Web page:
Sites & cities that bear the name of Tel Ali

Tel Ali

Today in : Israel
First trace of activity : ca. 8,000 B.C.E
Last trace of activity : ca. 30th century B.C.E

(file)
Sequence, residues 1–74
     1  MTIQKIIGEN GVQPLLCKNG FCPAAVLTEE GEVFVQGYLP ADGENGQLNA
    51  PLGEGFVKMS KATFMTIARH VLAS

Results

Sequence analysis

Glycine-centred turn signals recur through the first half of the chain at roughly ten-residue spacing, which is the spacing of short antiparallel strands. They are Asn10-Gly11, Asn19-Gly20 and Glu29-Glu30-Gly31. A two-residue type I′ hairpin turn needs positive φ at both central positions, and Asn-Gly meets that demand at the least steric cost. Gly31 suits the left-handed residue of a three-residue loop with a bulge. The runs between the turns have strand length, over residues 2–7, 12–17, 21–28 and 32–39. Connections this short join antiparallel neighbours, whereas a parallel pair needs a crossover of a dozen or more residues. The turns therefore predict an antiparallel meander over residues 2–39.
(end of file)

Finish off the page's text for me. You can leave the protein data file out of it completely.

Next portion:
Description : Tel Ali is an archaeological site located one mile south of the Sea of Galilee, in the central Jordan Valley, Israel. It has been excavated twice. First, during the years 1955–1959, Moshe Prausnitz conducted salvage excavations on behalf of the Israel Department of Antiquities. He published only preliminary reports and most of the excavation finds remained unstudied. Prausnitz uncovered a detailed sequence of occupation including: Pre-Pottery Neolithic B, Pre-Pottery Neolithic C, Pottery Neolithic B (Wadi Rabah), Middle Chalcolithic (Beth-Shean XVIII) and Late Chalcolithic (Ghassulian). However, at the time of excavation many of these phases had not yet been defined. The picture at Tel Ali became clearer only after Yosef Garfinkel's excavations in 1989–1990. Two excavation areas were opened and 300 m2 (3,200 sq ft) were uncovered. Tel Ali contributes to the understanding of the Neolithic and Chalcolithic periods in a variety of ways: Very few sites in the southern Levant present such a long settlement history It was occupied during the Pre-Pottery Neolithic C (PPNC) period, a phase not recognized in the earlier days of research It was occupied during the Middle Chalcolithic period. This cultural horizon is known in the Jordan Valley from a number of small assemblages: Beth-Shean XVIII, Tel Tsaf, Tell esh-Shunah, Tell Abu Habil, and Abu Hamid.

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